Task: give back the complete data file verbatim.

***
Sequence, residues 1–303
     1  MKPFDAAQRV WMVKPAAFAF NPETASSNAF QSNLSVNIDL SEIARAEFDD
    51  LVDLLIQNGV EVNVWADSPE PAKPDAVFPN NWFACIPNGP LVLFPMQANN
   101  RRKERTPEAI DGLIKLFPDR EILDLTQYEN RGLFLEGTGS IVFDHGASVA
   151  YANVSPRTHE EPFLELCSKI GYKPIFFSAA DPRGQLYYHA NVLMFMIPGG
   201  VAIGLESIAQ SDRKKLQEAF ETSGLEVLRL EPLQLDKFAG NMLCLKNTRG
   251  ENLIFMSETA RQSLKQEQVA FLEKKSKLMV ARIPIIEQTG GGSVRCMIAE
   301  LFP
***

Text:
Sequence, residues 1–303
     1  MKPFDAAQRV WMVKPAAFAF NPETASSNAF QSNLSVNIDL SEIARAEFDD
    51  LVDLLIQNGV EVNVWADSPE PAKPDAVFPN NWFACIPNGP LVLFPMQANN
   101  RRKERTPEAI DGLIKLFPDR EILDLTQYEN RGLFLEGTGS IVFDHGASVA
   151  YANVSPRTHE EPFLELCSKI GYKPIFFSAA DPRGQLYYHA NVLMFMIPGG
   201  VAIGLESIAQ SDRKKLQEAF ETSGLEVLRL EPLQLDKFAG NMLCLKNTRG
   251  ENLIFMSETA RQSLKQEQVA FLEKKSKLMV ARIPIIEQTG GGSVRCMIAE
   301  LFP